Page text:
The biggest failure of most contracting companies is not operating with a proven set of consistent processes throughout the entire company.
8. What are three common mistakes you always fix as a consultant?
The development and implementation of a company-wide training program; correcting the pricing strategy for each product and service; and, proper staffing with the right coworkers.
9. What are the magic bullet(s) that most often improve an HVAC contractor’s business?
There is no magic bullet. It’s simply being serious about your business and doing a multitude of things correctly.
10. You have been a contractor, franchiser, consolidator, and consultant. What have you most enjoyed?
Contracting. But, consulting/coaching is very rewarding when you see that you have helped in significantly improving a company and as a result have helped the owners, leaders, and other coworkers enjoy their work more and have a better quality of life.
11. You wrote the book HVAC Spells Wealth. What prompted you to do so?
I wanted to give back to the industry that I have been in for so long, that I have enjoyed so much, and where I have made thousands of friends. I had no idea the book would sell like it has, and I’m sure it is the best-selling “how to” book ever in our industry.
12. Will you be writing any more books?
Yes. I’m working on a follow-up book to HVAC Spells Wealth and some time ago released HVAC Light Commercial Service Agreements.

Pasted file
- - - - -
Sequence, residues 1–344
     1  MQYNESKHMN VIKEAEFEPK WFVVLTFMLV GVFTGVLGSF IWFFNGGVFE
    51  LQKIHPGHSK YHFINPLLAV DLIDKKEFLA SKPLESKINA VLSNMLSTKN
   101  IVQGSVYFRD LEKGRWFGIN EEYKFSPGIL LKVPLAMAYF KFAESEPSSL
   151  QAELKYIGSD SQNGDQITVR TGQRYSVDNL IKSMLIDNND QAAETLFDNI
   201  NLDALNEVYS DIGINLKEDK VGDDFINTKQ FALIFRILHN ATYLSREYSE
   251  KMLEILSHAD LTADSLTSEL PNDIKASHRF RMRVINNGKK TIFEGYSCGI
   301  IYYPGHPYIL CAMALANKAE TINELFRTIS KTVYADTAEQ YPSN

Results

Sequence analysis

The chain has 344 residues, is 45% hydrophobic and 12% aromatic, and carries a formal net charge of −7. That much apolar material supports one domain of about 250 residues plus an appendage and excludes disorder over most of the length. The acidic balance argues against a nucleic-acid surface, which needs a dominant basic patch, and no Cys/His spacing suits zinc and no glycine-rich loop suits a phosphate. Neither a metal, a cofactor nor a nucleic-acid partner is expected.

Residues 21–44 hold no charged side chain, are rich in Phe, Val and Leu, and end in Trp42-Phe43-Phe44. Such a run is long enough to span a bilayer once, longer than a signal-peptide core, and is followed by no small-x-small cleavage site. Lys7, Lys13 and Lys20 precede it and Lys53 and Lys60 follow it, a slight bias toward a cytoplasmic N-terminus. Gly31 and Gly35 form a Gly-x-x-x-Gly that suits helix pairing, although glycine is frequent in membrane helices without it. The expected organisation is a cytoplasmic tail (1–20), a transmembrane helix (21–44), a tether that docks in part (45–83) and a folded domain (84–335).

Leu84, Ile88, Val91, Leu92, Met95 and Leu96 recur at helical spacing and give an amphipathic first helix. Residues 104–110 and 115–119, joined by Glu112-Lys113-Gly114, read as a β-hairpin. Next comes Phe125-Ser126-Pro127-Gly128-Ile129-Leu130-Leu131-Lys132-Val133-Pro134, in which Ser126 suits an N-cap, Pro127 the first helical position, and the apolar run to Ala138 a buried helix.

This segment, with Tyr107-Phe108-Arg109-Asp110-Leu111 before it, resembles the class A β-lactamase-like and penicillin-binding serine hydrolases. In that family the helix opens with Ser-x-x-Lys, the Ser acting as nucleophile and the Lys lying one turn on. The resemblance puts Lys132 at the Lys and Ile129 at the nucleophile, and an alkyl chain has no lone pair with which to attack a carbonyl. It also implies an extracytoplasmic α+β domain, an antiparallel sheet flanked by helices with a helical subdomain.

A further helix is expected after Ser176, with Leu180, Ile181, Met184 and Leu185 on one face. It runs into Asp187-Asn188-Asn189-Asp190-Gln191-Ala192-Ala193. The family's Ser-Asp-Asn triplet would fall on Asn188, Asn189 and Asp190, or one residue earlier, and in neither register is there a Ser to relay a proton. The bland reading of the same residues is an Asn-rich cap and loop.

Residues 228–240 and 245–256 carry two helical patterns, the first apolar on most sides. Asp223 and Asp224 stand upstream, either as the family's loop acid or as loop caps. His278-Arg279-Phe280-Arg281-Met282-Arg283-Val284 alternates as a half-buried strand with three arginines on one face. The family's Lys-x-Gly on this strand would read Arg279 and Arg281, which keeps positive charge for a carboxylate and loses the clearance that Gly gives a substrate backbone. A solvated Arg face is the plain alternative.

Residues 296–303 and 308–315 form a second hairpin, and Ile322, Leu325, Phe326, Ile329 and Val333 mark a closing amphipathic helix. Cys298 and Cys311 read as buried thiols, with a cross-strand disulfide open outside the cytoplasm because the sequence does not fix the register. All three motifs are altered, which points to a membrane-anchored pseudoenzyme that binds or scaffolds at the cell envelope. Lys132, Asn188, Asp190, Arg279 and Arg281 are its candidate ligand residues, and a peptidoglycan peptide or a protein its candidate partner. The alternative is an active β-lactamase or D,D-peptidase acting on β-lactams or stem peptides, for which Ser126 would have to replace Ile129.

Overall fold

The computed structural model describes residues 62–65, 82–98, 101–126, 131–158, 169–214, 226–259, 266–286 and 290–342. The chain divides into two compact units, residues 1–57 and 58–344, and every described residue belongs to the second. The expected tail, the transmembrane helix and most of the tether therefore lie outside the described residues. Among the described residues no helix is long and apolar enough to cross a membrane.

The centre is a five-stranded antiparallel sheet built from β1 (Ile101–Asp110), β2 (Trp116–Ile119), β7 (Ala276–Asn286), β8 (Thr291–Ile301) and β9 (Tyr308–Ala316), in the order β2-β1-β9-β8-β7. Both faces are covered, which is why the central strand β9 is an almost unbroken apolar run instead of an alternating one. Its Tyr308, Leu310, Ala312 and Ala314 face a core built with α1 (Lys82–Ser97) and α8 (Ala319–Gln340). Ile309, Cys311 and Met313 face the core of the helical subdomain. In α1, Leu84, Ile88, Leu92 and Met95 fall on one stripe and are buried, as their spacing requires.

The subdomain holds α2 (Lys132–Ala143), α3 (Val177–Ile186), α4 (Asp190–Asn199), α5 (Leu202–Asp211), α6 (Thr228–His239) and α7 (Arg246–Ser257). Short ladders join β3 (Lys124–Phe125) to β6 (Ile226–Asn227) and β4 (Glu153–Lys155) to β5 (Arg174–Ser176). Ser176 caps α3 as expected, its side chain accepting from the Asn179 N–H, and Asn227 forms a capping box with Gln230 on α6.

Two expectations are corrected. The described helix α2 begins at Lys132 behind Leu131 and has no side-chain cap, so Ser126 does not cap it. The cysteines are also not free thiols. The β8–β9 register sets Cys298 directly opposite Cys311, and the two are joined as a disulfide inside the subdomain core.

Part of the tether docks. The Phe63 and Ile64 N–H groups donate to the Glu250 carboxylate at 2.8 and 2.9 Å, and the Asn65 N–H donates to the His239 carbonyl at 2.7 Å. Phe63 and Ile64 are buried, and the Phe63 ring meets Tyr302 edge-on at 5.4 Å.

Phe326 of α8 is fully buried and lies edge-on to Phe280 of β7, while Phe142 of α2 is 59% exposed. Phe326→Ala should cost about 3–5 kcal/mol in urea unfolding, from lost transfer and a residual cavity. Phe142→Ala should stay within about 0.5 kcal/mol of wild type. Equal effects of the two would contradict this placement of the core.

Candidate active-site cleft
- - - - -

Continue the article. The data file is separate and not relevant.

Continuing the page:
13. After all of these years in the HVAC industry, what do you find most rewarding?
First, it’s the roles I still play in the industry and never get tired of. I wasn’t built for retirement. Secondly, seeing companies and individuals become more successful.
14. You talk about DK and DE. What are they?
I learned those from Don Beveridge. He told us that there are only two reasons companies are not more successful. It’s either they don’t know, DK — which has nothing to do with intelligence — or they don’t execute, DE.
15. Where is the industry headed?
Contractors are now more attentive to elements of a complete system rather than just the equipment. There will be more performance- based contracting, and contractors will move towards addressing the entire building envelope, not just the HVAC system.
16. Should contractors meet with other contractors to share and learn from one another?
Absolutely! There are more groups of four to eight contractors who meet two or three times a year and share with one another than ever before.
17. Did you have any mentors?
My father, Emmett, who was an incredible craftsman; my uncle Curt; my first and second manufacturers’ representatives, Clay and Jack; and two consultants — Bill Blees and David Lampman.
18. What is another key item for success?
Continually measuring the company’s performance against our industry’s recognized key performance indicators.
19. How well do manufacturers, distributors, and contractors work together?
Not nearly as well as they could and should. At times it is even an adversarial relationship. All three parties should be on the same team with the focus where it belongs — customers.
20. What is your favorite business book?
In Search of Excellence by Tom Peters and Robert Waterman.